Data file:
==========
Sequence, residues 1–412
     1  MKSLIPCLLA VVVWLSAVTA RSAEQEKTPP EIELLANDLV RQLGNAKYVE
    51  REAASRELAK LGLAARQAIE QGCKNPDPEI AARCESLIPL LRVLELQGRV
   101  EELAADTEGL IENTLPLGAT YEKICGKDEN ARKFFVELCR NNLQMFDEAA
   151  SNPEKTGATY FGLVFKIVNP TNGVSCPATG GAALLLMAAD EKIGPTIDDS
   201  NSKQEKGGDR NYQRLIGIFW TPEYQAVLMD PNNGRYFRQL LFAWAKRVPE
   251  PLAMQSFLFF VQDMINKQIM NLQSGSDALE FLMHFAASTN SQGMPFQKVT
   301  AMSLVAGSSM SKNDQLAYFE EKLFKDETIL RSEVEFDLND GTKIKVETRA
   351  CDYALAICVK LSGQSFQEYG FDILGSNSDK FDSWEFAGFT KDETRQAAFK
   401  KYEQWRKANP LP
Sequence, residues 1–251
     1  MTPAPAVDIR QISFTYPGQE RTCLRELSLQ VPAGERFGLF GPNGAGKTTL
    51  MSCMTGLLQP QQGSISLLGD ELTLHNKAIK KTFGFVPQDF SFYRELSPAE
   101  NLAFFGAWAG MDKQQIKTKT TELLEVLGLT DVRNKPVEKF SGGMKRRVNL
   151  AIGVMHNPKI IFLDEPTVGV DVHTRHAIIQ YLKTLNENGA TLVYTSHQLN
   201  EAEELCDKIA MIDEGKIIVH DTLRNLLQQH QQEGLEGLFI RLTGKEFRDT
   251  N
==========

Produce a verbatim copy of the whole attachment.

Sequence, residues 1–412
     1  MKSLIPCLLA VVVWLSAVTA RSAEQEKTPP EIELLANDLV RQLGNAKYVE
    51  REAASRELAK LGLAARQAIE QGCKNPDPEI AARCESLIPL LRVLELQGRV
   101  EELAADTEGL IENTLPLGAT YEKICGKDEN ARKFFVELCR NNLQMFDEAA
   151  SNPEKTGATY FGLVFKIVNP TNGVSCPATG GAALLLMAAD EKIGPTIDDS
   201  NSKQEKGGDR NYQRLIGIFW TPEYQAVLMD PNNGRYFRQL LFAWAKRVPE
   251  PLAMQSFLFF VQDMINKQIM NLQSGSDALE FLMHFAASTN SQGMPFQKVT
   301  AMSLVAGSSM SKNDQLAYFE EKLFKDETIL RSEVEFDLND GTKIKVETRA
   351  CDYALAICVK LSGQSFQEYG FDILGSNSDK FDSWEFAGFT KDETRQAAFK
   401  KYEQWRKANP LP
Sequence, residues 1–251
     1  MTPAPAVDIR QISFTYPGQE RTCLRELSLQ VPAGERFGLF GPNGAGKTTL
    51  MSCMTGLLQP QQGSISLLGD ELTLHNKAIK KTFGFVPQDF SFYRELSPAE
   101  NLAFFGAWAG MDKQQIKTKT TELLEVLGLT DVRNKPVEKF SGGMKRRVNL
   151  AIGVMHNPKI IFLDEPTVGV DVHTRHAIIQ YLKTLNENGA TLVYTSHQLN
   201  EAEELCDKIA MIDEGKIIVH DTLRNLLQQH QQEGLEGLFI RLTGKEFRDT
   251  N